He completed 63.9 percent of his passes, which was just off his career average, but he averaged just 7.2 yards per attempt, which was a career low. He was more willing to take the checkdown than to wait for the deeper throws to open up, despite what was an improved offensive line.

He missed the entire offseason because of back surgery to remove a cyst, which might explain some of the reluctance to throw deeper. He continued to buy time with his feet, winning his final start versus the Washington Redskins by buying time, but not as much as he did in previous seasons.

Orton saw action in two games and started the finale against the Philadelphia Eagles. He did what you would expect a veteran quarterback to do: Perform well with limited practice time. He completed 30 of 46 passes for 358 yards with two touchdowns and two picks against the Eagles. The last interception ended the Cowboys’ chances of a comeback and a playoff appearance.

SportsNation

Which quarterback would you rather have?

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    16%
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    49%
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    11%
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    6%
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    18%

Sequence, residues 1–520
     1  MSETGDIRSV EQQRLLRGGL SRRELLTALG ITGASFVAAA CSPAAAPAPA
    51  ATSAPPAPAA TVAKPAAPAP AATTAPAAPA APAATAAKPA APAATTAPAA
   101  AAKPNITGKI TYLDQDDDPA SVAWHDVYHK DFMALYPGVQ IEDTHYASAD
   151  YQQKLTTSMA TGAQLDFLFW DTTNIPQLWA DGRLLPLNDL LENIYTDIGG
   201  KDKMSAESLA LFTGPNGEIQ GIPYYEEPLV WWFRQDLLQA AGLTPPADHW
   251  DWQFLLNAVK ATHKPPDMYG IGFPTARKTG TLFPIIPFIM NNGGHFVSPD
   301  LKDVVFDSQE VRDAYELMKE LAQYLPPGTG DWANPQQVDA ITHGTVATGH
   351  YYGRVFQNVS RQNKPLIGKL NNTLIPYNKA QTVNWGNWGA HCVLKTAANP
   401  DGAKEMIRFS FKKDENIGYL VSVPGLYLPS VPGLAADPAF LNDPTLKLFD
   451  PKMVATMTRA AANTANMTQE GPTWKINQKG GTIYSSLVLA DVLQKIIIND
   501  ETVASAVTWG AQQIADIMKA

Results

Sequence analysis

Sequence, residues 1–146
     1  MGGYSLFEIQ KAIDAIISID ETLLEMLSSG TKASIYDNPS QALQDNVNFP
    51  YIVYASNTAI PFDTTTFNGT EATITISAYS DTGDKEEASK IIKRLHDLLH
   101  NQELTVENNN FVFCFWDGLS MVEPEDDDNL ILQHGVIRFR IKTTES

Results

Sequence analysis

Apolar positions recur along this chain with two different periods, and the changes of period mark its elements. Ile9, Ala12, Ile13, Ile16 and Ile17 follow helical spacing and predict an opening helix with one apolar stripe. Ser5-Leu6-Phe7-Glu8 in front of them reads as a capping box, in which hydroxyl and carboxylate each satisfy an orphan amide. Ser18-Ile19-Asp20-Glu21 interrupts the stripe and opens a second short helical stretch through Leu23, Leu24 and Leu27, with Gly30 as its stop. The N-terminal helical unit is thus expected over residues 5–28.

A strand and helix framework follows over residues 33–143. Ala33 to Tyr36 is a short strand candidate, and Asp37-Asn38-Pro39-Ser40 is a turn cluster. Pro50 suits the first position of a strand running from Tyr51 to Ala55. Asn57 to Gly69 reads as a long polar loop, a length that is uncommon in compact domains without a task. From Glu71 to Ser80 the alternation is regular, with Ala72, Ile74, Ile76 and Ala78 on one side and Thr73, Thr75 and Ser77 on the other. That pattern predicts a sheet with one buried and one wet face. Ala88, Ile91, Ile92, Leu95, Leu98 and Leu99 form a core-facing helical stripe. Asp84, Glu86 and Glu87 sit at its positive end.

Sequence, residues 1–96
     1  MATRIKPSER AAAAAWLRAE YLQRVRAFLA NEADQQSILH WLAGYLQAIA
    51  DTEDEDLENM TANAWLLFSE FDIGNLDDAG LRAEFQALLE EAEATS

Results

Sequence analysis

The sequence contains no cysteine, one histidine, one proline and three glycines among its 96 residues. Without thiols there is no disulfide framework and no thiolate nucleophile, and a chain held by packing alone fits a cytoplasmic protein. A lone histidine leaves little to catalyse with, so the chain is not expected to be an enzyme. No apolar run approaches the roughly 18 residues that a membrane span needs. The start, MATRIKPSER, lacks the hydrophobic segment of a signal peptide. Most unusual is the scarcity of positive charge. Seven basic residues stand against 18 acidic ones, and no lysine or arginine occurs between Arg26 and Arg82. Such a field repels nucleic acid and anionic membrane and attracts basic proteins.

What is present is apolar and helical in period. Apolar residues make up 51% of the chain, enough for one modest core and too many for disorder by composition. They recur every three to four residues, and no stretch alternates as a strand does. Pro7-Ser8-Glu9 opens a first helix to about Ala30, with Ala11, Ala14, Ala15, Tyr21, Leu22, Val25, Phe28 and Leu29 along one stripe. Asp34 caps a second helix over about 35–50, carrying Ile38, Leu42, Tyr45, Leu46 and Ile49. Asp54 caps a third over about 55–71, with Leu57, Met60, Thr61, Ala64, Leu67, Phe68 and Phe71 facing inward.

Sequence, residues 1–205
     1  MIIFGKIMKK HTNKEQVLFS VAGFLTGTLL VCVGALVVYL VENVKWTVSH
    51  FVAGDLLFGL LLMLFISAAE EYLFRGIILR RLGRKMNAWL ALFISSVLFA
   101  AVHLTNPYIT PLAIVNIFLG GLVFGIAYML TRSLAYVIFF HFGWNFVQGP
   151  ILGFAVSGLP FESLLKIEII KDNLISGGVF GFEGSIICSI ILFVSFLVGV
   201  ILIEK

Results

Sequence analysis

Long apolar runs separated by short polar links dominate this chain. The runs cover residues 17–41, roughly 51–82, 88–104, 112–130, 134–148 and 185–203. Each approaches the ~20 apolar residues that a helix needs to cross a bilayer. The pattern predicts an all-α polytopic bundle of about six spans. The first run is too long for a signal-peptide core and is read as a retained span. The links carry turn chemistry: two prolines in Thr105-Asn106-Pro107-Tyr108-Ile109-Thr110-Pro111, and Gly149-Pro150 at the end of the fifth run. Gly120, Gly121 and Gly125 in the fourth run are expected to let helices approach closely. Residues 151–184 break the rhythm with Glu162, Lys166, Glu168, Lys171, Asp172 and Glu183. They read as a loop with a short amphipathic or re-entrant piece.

Discuss (Total votes: 11,181)

A look ahead: Romo is coming off his second back surgery in eight months with a procedure to heal a herniated disk. The Cowboys have said Romo is feeling better and the plan is for him to take part in the offseason program, which he did not do in 2013.

The Cowboys will restructure Romo’s contract in the offseason with him set to count $21.7 million against the cap. The move will save the Cowboys about $9.6 million. He turns 34 in April but the club believes he has what it takes to not only deliver them to the playoffs but to make a run in them as well.

Having the offseason to prepare will help Romo not in learning the offense of gaining more of an understanding of defenses, but in getting in optimum shape.

Orton is set to count $4.37 million against the cap. The Cowboys could restructure his deal again to open up space or could release him. The latter seems to be a stretch considering Romo is coming off the surgery, but there is also a wonder if Orton wants to continue to play.

A look out: Owner and general manager Jerry Jones said the Cowboys are not likely to use a pick early in the draft, but finding a pick in the middle rounds as a possible developmental quarterback is an option. Just remember that the Cowboys have drafted three quarterbacks since taking Troy Aikman in the 1989 draft.

With Orton, Jon Kitna and Brad Johnson, the Cowboys have shown a willingness to spend on a veteran backup since Jason Garrett’s arrival in 2007.